Review Summary: Anacrusis' vocalist returns from a 20-year hiatus with a double album that includes everything from the technical thrash of his past to moody, atmospheric songs that are surprisingly full of emotion.
If you’re reading this, chances are you already know how this album came into existence, but just in case…. Kenn Nardi was the vocalist/guitarist for technical thrash band Anacrusis
. They were active from 1986 through 1994 and released four influential albums. After they broke up, the individual members faded back into everyday life. Eventually, though, Anacrusis reappeared on the scene. The beginning was minor – Kenn created a website dedicated to the band and made all of their albums available for free download. This was followed by Kenn’s Cruel April
project in 2006. Again, it was a minor step forward since it was entirely DIY and was only ever posted on the Anacrusis website. The most significant part of that release was that it was originally intended to include Anacrusis bassist John Emery. To the highly optimistic, this meant that at least two members were talking and still interested in music – this optimism was eventually rewarded.
Unexpectedly, Anacrusis reformed and there was a flurry of activity, which included tours, DVDs, re-recordings and even talks of new music. This talk eventually led to the first new Anacrusis song in over two decades, ‘This Killer in My House’, but as quickly as it started it was over. The band went back on hiatus and there was no mention of the untitled album’s fate – but as quickly as it was over it was reborn. A few weeks after the breakup, Kenn announced that the music would still see the light of day and that he would be handling everything on his own. The end result is the release of over two decades worth of material – the aptly titled Dancing With the Past
. Stylistically, there are thrashy tracks that seem to pull directly from Reason
and Manic Impressions
, there are classically-influenced tracks that pick up where Screams and Whispers
left off, there are moody tracks that seem to carry a bit of that New Model Army/The Cure influence, there are traditional progressive metal tracks and even a few relatively straight-forward tracks. This array of styles is held down by the diverse range of Kenn Nardi’s vocals that can still go from low growls to clean singing to piercing screams.
The first two tracks, ‘Unnecessary Evil’ and ‘Fragile’, give the listener a pretty good idea of what extreme spectrums the album is going to cover. ‘Unnecessary Evil’ sounds like the bastard child of The Cure’s Disintegration
and Anacrusis’ Screams and Whispers
. There are the technical metal and symphonic elements that dominated Screams and Whispers
but the tempo, atmosphere, tones and emotional angle all scream Disintegration
. The second track, ‘Fragile’, rips the listener right back to the early 90s with one of Kenn’s piercing screams, a breakneck tempo and the kind of calculated riffing that defined Manic Impressions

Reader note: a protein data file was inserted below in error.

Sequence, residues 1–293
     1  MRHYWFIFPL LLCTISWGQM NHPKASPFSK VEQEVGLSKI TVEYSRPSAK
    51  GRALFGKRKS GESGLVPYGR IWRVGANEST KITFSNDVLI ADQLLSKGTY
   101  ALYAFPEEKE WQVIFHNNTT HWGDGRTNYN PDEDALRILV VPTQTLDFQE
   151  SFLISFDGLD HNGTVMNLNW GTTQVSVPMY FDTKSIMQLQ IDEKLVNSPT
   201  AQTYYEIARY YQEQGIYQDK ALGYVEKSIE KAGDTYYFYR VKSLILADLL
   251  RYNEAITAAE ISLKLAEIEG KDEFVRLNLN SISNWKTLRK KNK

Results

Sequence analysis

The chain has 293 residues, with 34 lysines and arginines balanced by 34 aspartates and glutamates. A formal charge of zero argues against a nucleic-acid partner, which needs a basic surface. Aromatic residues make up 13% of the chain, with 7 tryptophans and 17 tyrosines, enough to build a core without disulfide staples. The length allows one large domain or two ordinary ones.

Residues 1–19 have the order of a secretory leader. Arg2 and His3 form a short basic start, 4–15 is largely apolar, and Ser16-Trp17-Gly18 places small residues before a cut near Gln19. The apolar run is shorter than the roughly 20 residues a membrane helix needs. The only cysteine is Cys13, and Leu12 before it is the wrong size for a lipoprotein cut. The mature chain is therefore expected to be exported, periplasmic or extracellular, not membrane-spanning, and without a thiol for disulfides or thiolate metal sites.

. That’s one of the great things about this album; each song is going to be a surprise. You never know if the next song will be a thrashy Anacrusis-inspired track such as ‘Await the Setting Sun’ or the New Model Army goes prog of ‘Submerged’ or the surprising emotive ambience of ‘A Little Light’.
What's more is that the previously mentioned styles don't even begin to describe the brooding, moody epics that reside near the end of both discs. These songs include ‘The Dark and the Light’ and ‘The Scarlet Letter’ from the first disc and ‘Symbiotic’ and ‘The Runt’ from the second disc. These songs are generally some of the mellowest on the album and excel at using clean guitars, symphonic elements and melody in order to create atmospheres that allow Kenn to deliver some of his most emotive vocals. In case it isn’t apparent, Dancing With the Past
is going to require a lot of attention and multiple listens in order for all of the songs and nuances to successfully grab the listener. There are those songs such as ‘Ordinary’ and the title track that are fairly instant, but a majority of the album is going to require much more work and attention than anything Anacrusis ever did. Of course, there are definitely those high-speed moments and more than a little bit of heaviness throughout, it's just that there’s also a ton of subtlety and much more melody than fans might be expecting.
Dancing With the Past
finds Kenn Nardi taking the Anacrusis foundation – that solid bass tone, creative double-bass filled percussion and a technical progressive edge – and pushing it through a multitude of different styles. These styles run the gamut from Disintegration
-inspired moodiness and atmosphere to aggressive technical thrash that wouldn’t sound out of place on Reason
or Manic Impressions
. In between these extremes are a collection of songs that, despite two decades in the making, sound remarkably cohesive thanks to that solid Anacrusis foundation and the diverse vocals of Kenn Nardi. Of course, fans shouldn’t expect Kenn Nardi’s first solo album to blindly follow the Anacrusis blueprint, because this is much more than just an Anacrusis release under a different name. In fact, Dancing With the Past
would have probably never worked if it had been labeled as an Anacrusis release. It has been a long time coming, but Kenn Nardi has managed to release a double album without any real filler that is ambitious in scope and shouldn’t fail to satisfy old and new fans alike.